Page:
Heather Hyden is currently the Director of Community and Cultural Initiatives at North Limestone Community Development Corporation in Lexington, KY. She grew up in Memphis,TN and has over 8 years of Community Organizing, Development and Food Policy experience. She has a B.A. in Geography and a M.S. in Community and Leadership Development. Her thesis focused on how cooperative economic food distribution models such as Fresh Stop Markets support food and farm security efforts in the Louisville and Lexington food shed. She is a former staff member of Community Farm Alliance where she started the Kentucky Food Policy Network. She has also worked in school health reform at Metro Nashville Public Health Department and as the Assistant Director of the Beltline Youth Enrichment Center in Memphis. Most recently, you may have met her through the Castlewood or East End Fresh Stop Markets in Lexington, which she co-founded with neighbors as a food justice and leadership development initiative.
Lee is a professor in sustainable agriculture and agricultural economics at the University of Kentucky, with a PhD from Purdue. His professional work has been targeted toward farmer-focused marketing, including beginning farmer training, direct marketing of meat products, farm transitions and organic corn. Lee taught Global Food Issues until 2015, guest lecture on world food issues (“how can the world feed itself sustainably”) and the role of livestock systems in sustainability. Lee has worked on long term projects in Thailand and Poland and shorter projects several other countries.
Lee chairs UK’s undergrad Sustainable Ag major. At the University level, he chairs the Faculty Sustainability Committee and is former co-chair of the UK President’s Sustainability Advisory Committee. Lee serves as a Southern SARE liaison to the Land Grant Universities, a role he continues to fill.
Lee is married and has three adult children and five grandchildren – all living in Kentucky. From a community perspective, Lee has chaired the Lexington Parks Board, is on the boards of Seedleaf (community gardening) and WildOnes (native plans). Gardening, running, playing with grandkids, biking, cooking and eating good food with friends are some of the ways Lee has fun.
Bree Pearsall and her husband, Ben Abell, are owners of Rootbound Farm in Crestwood, KY. They grow certified organic vegetables and grass-fed lamb for local wholesale markets, farmer’s markets, restaurants, groceries, and their CSA program. Before transitioning to full-time farming and entrepreneurship, Bree worked for a decade as a social worker. Bree and Ben started their farming business eight years ago and have helped support the Beginning Farmer movement in Kentucky.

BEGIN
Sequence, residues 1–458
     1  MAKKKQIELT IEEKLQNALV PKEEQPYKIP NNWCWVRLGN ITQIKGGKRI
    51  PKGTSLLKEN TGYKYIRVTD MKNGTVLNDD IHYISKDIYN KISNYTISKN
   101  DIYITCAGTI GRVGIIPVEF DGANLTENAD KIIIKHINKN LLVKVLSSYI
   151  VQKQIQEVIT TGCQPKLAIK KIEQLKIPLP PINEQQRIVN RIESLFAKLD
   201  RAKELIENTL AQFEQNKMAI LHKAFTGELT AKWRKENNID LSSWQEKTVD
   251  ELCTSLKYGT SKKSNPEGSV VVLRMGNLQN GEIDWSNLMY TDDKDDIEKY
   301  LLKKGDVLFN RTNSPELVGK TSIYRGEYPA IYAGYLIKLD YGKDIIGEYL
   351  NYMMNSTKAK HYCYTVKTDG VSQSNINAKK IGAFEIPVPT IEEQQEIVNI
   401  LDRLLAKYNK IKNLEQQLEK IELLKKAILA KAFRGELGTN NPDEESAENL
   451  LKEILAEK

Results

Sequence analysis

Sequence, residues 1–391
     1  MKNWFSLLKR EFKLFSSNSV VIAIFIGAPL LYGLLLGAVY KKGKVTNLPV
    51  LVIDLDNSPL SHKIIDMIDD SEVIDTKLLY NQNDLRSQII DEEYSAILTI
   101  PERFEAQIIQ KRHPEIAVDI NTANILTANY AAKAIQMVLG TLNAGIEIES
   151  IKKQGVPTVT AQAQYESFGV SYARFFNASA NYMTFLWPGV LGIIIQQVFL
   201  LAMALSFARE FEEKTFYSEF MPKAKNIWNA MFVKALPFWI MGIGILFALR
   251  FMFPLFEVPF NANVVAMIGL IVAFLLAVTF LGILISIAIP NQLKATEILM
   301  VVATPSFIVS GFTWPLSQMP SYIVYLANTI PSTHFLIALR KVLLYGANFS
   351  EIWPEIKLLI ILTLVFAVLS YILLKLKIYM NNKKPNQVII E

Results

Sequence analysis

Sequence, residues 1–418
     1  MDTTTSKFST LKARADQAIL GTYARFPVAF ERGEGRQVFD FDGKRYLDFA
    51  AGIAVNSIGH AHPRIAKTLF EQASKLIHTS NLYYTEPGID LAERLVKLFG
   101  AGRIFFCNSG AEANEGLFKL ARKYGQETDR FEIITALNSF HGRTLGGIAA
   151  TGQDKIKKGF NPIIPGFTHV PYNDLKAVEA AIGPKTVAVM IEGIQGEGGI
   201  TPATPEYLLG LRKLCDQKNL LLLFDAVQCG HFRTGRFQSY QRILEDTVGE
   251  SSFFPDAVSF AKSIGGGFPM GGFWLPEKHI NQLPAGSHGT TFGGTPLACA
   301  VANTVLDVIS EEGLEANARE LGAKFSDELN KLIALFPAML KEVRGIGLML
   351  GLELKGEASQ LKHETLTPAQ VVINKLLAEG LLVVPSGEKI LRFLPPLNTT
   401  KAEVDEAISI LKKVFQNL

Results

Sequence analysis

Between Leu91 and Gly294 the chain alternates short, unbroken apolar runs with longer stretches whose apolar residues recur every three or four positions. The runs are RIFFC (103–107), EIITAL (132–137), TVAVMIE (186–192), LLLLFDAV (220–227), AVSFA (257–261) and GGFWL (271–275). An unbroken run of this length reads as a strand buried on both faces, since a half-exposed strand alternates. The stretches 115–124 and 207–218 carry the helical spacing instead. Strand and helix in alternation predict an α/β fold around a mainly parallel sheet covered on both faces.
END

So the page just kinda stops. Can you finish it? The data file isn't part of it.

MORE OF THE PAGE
Bethany Pratt is the Horticulture Extension Agent in Louisville with the University of Kentucky Cooperative Extension Service. There, she helps the citizens of Louisville access land to grow their own food through the Louisville Community Garden Program and teaches home vegetables gardening classes to new and experienced gardeners looking to provide food for their families. Prior to her work with Extension, Bethany worked for The Food Literacy Project, developing and implementing in-garden curriculum for youth, teaching about food systems and increasing vegetable consumption. In her free time Bethany enjoys cooking, gardening and trail running with her family.
Laura is the Program Director for Common Earth Gardens and Common Table in Louisville. Common Earth Gardens is an urban agriculture program that focuses on providing land, training and technical assistance to refugees and other residents. She manages nine community gardens and one market garden, as well as coordinates cooking and nutrition classes for youth and adults. She is also the Outreach Coordinator for the Bardstown Road Farmers Market. Previously, Laura was the Procurement Manager and then Head of Operations for Grasshoppers Distribution, managing a 500 member, multi-producer CSA.
Jenny Williams has been teaching writing and reading at Hazard Community and Technical College since 1992. She is the Chair of Pathfinders of Perry County, a non-profit citizens action group that promotes community well-being, engagement, outdoor recreation and education. The youngest of six siblings, all of whom still live in Hazard, Jenny grew up in Hazard and is deeply rooted in the community. She is a member of InVision Hazard, a downtown revitalization group, and is passionate about food—eating it, cooking it, sharing it, and trying to change policies and behaviors so that everybody, regardless of income, age, or geography, has access to fresh, healthy, local food and knows what to do with it.